All Sales Are Final
by Ralph James Savarese

       For Steve Kuusisto

I once bought a casket
on discount
at the funeral home 
across the street.
I was living in 
Northern Florida then—
in Gainesville,
land of “The Swamp”
(as the football 

stadium is called)
and serial-killer 
kitsch. No
less a ghoul
than Ted Bundy
was relieved of 
his essential fluids 
at this dark 
transit station.

The neighborhood,
if you could call
it that, was like
an American poem: 
it had everything 
in it. Who
needs zoning
laws or city

The house 
to the east  
backed up on 
the crematorium;
ours looked out
on a dry cleaner.
Each sent up
into the sky:

a freshly starched
shirt for Gramps
who had a critical
interview ahead,
the contents 
of one smokestack
forever dressing 
the contents
of the other.

The casket
was your standard 
mahogany sort 
of thing,
except it had a flat 
top and it seemed 
especially sturdy, 
like the head
of a marine.

It was as if tanks
might go
roller skating on it.
The polyurethane finish 
as pellucid as glass:
a little biosphere.
It made me 
think of poor,
prostrate Lenin.

(I’d just completed
a year of teaching 
in Eastern Europe.)
My plan was 
to use the casket
as a coffee table.
I’d be the poet
of death
and raucous parties,

like Emmeline 
in Huck Finn,
a quill in one hand,
a rifle in the other—
though with mocking
My poems 
would be bad

in a good sort
of way,
the gesture redeemed
by that preservative,
that chemical balm,
we call irony.
On Halloween
I’d climb out
of the casket

like Lazarus,
unwrap myself
like cheese,
and then make myself
a drink, a stiff—
get it?—martini.
I was fond 
of parties 
back then.

the crematorium
bell rang,
I ushered my guests
out onto
the front porch,
knowing that a hearse
would soon 

“They’re firing
up the barbecue!”
I shouted.
As if at a bank,
we watched
the direct deposit. 
Straight to the flames
for whoever had

Do not pass go.
Do not pass god.
And pretty soon
we’d elected 
our own pope,
pulled a rabbit
out of 
a Birkenau 
top hat.

the crematorium
sending Gramps,
like a rocket,
into the neighborhood
(and causing 
to miss his

The EPA showed up
with hoses.
Who knew that it
could snow 
in June?
The ash like
so many doves
in the trees....

My wife declined
the casket.
She put her
whole body down.
“It’s either me
or that velvet 
The salesman,
when I showed up,
hemmed and 
“It isn’t
a reusable item.
It’s like
a toothbrush.”
“Ah, yes,” I quipped.
“The bleeding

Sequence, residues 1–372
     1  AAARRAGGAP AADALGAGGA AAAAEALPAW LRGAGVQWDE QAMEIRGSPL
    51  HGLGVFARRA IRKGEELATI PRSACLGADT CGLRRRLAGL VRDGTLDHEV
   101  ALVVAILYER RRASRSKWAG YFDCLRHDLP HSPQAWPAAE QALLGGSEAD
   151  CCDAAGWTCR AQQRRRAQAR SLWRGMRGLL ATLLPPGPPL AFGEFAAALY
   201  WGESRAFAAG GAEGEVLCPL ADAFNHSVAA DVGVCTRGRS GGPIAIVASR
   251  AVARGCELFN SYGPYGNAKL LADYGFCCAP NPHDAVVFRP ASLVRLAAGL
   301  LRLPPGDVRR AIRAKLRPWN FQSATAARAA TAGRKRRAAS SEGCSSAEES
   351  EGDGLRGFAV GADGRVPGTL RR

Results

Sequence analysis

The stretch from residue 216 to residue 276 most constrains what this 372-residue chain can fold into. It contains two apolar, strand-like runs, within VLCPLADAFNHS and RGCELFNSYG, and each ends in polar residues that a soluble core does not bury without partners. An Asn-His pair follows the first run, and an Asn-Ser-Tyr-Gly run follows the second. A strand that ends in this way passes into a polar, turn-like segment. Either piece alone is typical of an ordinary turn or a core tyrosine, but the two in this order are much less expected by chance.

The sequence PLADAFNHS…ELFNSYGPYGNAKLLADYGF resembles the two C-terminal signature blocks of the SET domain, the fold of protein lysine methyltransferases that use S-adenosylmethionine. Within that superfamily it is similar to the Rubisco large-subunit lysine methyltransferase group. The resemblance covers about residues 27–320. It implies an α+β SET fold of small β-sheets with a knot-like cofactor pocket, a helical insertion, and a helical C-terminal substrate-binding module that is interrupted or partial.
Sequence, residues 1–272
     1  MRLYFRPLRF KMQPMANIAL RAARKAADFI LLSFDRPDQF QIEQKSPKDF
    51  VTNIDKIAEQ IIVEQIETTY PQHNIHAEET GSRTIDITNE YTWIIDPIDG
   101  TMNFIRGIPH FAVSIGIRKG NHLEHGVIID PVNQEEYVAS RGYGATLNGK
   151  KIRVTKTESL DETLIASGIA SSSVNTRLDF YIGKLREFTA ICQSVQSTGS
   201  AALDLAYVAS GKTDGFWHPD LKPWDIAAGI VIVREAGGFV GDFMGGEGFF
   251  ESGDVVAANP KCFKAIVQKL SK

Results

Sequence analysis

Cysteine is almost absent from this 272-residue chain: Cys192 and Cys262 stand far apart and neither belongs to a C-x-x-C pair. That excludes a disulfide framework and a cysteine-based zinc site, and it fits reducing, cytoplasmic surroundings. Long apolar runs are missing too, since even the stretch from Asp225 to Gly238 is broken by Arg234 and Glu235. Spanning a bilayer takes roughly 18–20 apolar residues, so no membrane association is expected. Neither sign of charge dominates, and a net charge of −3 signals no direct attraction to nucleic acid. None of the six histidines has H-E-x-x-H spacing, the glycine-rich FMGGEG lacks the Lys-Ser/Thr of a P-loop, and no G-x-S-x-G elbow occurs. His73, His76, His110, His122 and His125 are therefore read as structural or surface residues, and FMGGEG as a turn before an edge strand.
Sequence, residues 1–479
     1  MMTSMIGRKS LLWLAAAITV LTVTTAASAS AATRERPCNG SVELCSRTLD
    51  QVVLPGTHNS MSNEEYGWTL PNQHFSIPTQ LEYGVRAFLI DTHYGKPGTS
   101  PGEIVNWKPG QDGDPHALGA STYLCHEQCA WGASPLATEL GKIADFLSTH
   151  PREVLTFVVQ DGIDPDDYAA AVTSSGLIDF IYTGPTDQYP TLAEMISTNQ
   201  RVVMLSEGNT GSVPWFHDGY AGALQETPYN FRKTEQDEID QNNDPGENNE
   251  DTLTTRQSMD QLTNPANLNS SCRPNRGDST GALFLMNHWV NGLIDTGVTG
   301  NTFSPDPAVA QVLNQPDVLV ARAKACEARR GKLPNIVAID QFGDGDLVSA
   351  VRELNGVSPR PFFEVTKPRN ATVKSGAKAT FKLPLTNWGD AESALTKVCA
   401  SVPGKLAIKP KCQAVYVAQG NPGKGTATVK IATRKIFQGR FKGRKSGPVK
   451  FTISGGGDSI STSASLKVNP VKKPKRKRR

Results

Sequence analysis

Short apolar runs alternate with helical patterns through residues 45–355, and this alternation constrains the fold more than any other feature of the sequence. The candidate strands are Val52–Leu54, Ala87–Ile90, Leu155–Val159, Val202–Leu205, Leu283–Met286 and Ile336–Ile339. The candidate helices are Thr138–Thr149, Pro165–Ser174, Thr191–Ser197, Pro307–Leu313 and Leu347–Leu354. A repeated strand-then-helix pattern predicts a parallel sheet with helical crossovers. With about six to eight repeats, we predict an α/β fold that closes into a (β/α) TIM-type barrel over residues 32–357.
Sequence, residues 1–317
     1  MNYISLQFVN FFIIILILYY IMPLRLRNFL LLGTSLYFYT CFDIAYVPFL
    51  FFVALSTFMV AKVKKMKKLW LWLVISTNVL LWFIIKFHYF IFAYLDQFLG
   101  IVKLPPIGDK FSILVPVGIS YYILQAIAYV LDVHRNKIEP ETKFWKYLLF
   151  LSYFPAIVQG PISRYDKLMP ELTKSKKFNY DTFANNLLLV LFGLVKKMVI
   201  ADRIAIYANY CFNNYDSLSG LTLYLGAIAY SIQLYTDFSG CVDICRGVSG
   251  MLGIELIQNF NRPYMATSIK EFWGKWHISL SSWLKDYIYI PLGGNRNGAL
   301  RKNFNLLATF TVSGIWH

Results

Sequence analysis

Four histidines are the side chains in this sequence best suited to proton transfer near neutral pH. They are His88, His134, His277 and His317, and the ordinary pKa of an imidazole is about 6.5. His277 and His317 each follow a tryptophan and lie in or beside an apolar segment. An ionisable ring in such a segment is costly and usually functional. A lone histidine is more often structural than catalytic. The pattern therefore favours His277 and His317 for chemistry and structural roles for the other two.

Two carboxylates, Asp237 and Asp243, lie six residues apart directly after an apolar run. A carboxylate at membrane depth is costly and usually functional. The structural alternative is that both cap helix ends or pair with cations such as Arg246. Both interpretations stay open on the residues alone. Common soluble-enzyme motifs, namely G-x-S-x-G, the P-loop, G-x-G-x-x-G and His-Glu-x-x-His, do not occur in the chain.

gums of sin.

The yawing
mouth-hole of 
(I practiced poetry
the policy seemed
a comment on
life itself.

The man, however,
wasn’t immune
to some enticement.
I couldn’t leave
the casket
on the curb,
so I paid him
a second time
to haul it away.

“We’ll use it,” he 
as “funereal scrap.” 
It was like 
donating your car
to public radio.
A friend called
me Queequeg
for having dispensed

with a coffin
I now deemed
I was a cat,
he joked,
with two lives.
What did the quark
say to 
the comedian? 

The universe
is no laughing
I’ve lived too long
on the thin gruel
of cleverness.
I’m older now
and plainly 

The funeral homes
in New York
look like
the American
in Hanoi: 
the dead trying
to get out.

The human body
is nothing
more than
a basement
and the virus,
a six-month
The last summer
I lived

in that house,
a marine 
drowned while diving
in an underwater 
remember watching
from the porch
the mourners gather.
At the end

of the service,
the cars left
like leaves,
falling somehow 
until only one
A fellow marine
walked out

to the parking lot,
got down on
his knees
and screamed,
pounding his fists
against the pavement.
I could tell that
he had
bloodied them.

He then got up,
brushed himself off
and drove away.
The deceased,
to the paper,
knew that cave
like the back
of his lungs.

Ralph Savarese is the author of two books of prose, Reasonable People and See It Feelingly, and one collection of poetry, Republican Fathers. His creative work has appeared, among other places, in American Poetry Review, New England Review, Ploughshares, Seneca Review and Southwest Review.

Copyright © Mudlark 2020
Mudlark Flashes | Home Page